The Belarusization was stalled and even reversed beginning in the 1930s. Hundreds of people were shot or sent to Siberia. The orthographic reform of 1933 clearly “russified” the Belarusian spelling rules. In 1938 Russian language become an obligatory subject in all Soviet schools. The final blow was the school reform of 1958, when parents were given the right to select the language of instruction for their children. After that, more and more people began to send their children to Russian-language schools, and the number of Belarusian-language schools began to diminish.

Under the Soviets, there was also the elimination of the Belarusian middle class between 1917 and 1941 by the Communist Party; in Kurapaty (a suburb of Minsk), the NKVD killed perhaps 100,000 people. Many thousands of people were sent to concentration camps (Gulag) or resettled to Siberia. Around 400 Belarusian authors were repressed during anti-nationalism campaigns that started around 1929 and culminated during the Great Purge.

Interest in the Belarusian language was revived at the end of 1980s during perestroika. In 1990, Belarusian became the only official language of Belarusian SSR, and a second campaign of Belarusization followed. The “Law on languages”, ratified on January 26, 1990, envisioned a complete switch of all administrative and official documentation of the country into Belarusian by 2000. However, the Belarusization was totally stopped following the election of Alexander Lukashenka in 1994. Also in 1995 there was a referendum which, among other things, gave Russian language an equal status with Belarusian. Currently, russification is taking place in Belarus on an ever-growing scale, and the government does not provide any support for the Belarusian language. In this respect, a fact of note is that the official website of the Belarusian President ( is in two languages: Russian and English (as of 2005).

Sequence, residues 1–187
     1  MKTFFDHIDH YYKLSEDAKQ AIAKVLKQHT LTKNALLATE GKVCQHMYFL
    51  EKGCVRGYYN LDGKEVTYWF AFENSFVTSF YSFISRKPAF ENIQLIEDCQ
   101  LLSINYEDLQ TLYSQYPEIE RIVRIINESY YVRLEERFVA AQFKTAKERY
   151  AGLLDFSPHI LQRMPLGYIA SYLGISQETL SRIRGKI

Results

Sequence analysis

During Soviet times, the Belarusian language was viewed by many native speakers as a rural and peasant language as opposed to Russian’s image as a modern and urban language. That image in the eyes of the public has changed somewhat in the years of Belarus independence: some perceive it as a language of the young emerging urban elite. Nevertheless, current Russification policies are seen by some as a serious threat that may lead to the eventual extinction of the Belarusian language in Belarus.

The largest centre of Belarusian cultural activity, in the Belarusian language, outside Belarus is in the Polish province of Bialystok, which is home to a long-established Belarusian minority.